All my life, people have mistaken me for “races” that I am not: Mexican, Hawaiian, Filipino, Indian, Brazilian. I was always flattered because I thought this meant I looked exotic and “different,” I wanted to look different. I didn’t want to look “haole,” our stolen Hawaiian word for “white.” That’s when I uncovered the implicit […]
Some experiences I heard about racism is that Donald Trump said that he was going to build a wall between California and Mexico to avoid all Mexican people because they are all illegal. When he said that it made me feel uncomfortable because I am a Mexican boy and too me it makes me think […]
As a 12 year old, I had encountered in many times where people say very messed up things including something racist. Since I’m a brother of younger sisters including my older sister, I also have my own responsibility to teach my siblings about the things happening in the world like terrorism, pollution and other stuff […]
R.E.A.L. Talk, High Tech Middle Media Arts, 7th Grade Trailblazer Lots of people have asked me if I was Filipino. I’ve always had the same reply, ”I am a Jamaican and Chinese mix”. After encountering people who asked me such questions, I wondered why it mattered what race I was. I have read books where […]
Mark Cooper Lafayette, IN In elementary school, my best friend turned to me and said, “Mark, I don’t even think of you as asian anymore!” I knew he meant that our friendship had stepped beyond perceived race, but the phrasing could not be anymore alienating. I have family that trace back to the Mayflower, to […]
Anna, Santa Maria, CA. I am a 47 year old Filipina. I remember being constantly compared to my lighter skinned cousins and feeling awkward to be among my own family. If I could, I would travel back in time and give my 3 year old self a tight hug and tell her how important it […]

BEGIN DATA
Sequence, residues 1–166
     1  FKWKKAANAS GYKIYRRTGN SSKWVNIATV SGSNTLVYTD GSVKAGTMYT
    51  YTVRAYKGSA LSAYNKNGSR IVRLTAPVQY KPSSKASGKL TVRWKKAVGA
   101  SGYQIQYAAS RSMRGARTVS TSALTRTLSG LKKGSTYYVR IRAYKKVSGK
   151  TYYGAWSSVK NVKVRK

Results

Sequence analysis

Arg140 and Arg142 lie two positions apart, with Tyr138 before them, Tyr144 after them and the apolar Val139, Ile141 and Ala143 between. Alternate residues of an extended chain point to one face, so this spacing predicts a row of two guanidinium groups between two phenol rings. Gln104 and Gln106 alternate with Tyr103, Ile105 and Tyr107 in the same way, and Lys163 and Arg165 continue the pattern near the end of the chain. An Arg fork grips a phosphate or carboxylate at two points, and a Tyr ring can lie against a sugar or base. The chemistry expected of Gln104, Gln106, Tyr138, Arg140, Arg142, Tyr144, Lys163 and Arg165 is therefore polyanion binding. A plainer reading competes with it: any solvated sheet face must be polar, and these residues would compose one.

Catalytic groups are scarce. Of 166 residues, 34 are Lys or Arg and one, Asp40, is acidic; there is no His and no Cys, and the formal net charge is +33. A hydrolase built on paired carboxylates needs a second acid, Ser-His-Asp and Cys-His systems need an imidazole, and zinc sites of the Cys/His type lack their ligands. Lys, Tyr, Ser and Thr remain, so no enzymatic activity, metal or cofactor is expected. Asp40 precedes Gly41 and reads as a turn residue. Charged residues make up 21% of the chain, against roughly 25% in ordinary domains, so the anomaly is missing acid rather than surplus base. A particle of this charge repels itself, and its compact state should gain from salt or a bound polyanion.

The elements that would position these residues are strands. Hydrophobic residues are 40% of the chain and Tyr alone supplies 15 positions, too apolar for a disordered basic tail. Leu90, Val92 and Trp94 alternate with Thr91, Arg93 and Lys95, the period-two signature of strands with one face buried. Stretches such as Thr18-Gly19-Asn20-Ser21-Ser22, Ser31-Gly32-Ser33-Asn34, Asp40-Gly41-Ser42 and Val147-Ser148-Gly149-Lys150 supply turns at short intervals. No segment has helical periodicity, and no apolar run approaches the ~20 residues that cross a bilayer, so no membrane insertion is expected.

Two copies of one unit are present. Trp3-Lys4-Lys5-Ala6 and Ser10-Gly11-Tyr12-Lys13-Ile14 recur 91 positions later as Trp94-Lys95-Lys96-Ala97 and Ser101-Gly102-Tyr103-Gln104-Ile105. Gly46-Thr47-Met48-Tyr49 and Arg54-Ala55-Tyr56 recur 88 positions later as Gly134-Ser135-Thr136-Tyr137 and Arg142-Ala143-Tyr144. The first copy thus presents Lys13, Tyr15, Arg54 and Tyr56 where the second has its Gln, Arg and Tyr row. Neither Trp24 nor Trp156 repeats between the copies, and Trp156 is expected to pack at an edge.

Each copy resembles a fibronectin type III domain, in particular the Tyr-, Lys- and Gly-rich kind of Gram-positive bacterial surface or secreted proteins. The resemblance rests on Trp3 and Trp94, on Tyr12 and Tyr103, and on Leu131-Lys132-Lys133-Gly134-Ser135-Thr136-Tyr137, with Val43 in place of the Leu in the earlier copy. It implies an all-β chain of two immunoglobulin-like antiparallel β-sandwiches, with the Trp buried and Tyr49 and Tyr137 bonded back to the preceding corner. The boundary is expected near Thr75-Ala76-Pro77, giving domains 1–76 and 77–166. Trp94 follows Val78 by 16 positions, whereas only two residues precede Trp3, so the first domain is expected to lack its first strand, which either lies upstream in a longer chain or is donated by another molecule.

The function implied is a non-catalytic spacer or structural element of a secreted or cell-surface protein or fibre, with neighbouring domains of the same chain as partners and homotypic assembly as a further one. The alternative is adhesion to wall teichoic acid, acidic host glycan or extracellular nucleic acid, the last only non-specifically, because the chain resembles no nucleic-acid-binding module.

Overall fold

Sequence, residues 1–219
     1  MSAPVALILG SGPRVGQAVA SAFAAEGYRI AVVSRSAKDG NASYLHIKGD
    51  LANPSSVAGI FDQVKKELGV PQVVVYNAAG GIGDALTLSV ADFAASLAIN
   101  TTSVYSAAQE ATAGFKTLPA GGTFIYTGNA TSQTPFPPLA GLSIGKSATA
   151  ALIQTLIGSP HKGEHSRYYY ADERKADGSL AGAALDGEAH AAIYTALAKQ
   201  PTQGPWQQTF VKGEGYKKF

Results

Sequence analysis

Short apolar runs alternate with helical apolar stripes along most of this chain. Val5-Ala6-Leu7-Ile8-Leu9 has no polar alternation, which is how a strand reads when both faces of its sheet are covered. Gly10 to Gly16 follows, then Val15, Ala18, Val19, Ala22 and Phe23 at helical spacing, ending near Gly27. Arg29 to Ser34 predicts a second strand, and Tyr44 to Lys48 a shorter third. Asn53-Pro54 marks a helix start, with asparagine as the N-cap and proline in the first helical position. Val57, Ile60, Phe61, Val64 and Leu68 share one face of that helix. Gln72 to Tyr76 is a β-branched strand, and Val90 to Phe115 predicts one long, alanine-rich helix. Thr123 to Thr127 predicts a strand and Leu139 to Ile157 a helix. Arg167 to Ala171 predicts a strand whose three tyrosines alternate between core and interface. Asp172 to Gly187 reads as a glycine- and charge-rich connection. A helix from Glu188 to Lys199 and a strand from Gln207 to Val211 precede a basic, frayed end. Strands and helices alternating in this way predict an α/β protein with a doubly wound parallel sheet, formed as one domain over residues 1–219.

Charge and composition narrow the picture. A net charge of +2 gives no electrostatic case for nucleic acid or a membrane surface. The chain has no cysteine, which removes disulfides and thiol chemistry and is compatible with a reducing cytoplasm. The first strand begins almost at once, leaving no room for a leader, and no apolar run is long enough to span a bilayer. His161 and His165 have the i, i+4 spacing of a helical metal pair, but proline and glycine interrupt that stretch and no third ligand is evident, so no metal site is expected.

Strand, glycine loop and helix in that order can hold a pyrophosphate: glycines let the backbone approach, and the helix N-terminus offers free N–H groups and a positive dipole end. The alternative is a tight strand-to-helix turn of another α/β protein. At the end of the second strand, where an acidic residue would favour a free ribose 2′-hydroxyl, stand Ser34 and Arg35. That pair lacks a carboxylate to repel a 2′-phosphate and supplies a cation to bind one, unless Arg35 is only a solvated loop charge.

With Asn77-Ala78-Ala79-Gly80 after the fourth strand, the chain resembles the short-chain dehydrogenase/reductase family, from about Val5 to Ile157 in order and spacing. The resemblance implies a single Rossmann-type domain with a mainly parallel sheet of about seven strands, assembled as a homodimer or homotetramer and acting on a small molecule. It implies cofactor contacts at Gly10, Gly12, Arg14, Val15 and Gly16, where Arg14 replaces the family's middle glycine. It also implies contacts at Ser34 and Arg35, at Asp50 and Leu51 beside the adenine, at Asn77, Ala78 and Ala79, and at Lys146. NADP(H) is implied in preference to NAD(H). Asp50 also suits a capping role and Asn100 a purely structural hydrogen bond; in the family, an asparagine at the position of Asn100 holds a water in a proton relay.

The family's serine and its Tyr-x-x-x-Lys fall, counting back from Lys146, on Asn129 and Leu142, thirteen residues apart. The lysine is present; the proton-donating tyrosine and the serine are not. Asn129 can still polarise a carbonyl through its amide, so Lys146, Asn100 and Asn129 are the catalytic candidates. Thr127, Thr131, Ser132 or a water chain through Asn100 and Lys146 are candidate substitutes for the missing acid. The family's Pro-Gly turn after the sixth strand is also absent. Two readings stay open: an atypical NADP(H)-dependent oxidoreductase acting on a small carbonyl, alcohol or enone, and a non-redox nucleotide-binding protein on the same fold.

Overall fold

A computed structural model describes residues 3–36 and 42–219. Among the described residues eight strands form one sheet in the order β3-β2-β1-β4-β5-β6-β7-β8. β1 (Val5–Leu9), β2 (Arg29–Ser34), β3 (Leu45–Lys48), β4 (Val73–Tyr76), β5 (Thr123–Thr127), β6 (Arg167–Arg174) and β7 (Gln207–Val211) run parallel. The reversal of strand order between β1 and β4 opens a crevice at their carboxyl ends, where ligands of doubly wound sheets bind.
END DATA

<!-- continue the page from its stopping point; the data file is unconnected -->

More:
Sean B., Riverside, CA. I am half white and half Filipino. Growing up in a melting pot such as Southern California has been awesome. I never truly understood how lucky I was to live here until I traveled to the south (multiple states) to visit family. My wife is Filipina (born in the south). While […]
Carolyn Hisako Okinaga, Honolulu, HI. I asked this question when I was growing up on Ewa Plantation. Ethnic groups were housed in separate villages on the plantation based on race and position, e.g., Filipinos laborers lived in Fernandez Village, Japanese in B Village, etc. All of the caucasian (“haole”) supervisors/bosses lived in Renton Village; they […]
Ben Sian Atlanta, GA Born in the US to Filipino parents.
Ashley S. Westerman, Submitted via twitter: @AS_Westerman. @michele_norris #TheRaceCardProject
Jamie M. Young, Seattle, WA. Collected from The Race Card Project, On Location: Seattle Community Colleges I was born in Subic Bay, Philippines at the former U.S. Naval Base. My father is from Minnesota (of Norwegian/Irish decent), and my mother is from Minuhang, Leyte, Philippines. I am mixed race, but I have fair skin and […]
Rob Daniels, Bolingbrook, IL. I grew up in the south suburbs of Chicago at a time when our community worked extra hard to be racially and ethnically diverse on purpose. Our small community was also nationally recognized for its racial diversity. I recall thinking that it was so incredible to be around so many different […]
Barbara Rodriguez, Florence, SC. Yes, they both are Cuban. The look of shock never ceases to amaze me. Is it because I’m blonde and have green eyes…yes! Is it because of where I live…yes! Growing up in New York, everyone I knew could tell me about their heritage. My neighborhood was a perfect melting pot […]
Maggie Trela, Denver, CO. I was visiting California for Christmas when I was about 5 or 6, when I asked my grandma why we called my great-grandmother “LoLa”. She then explained to me that my LoLa was what they called great-grandma’s in the Philippines. I knew what the country was but I didn’t know what […]
Morgan Engelhardt, Norfolk, VA. A lot of times I get shut down for calling myself Pacific Islander or Asian because I look white. The truth is, I’ve always preferred to identify myself with my Filipino ancestors rather than my white ones. It feels like home to me.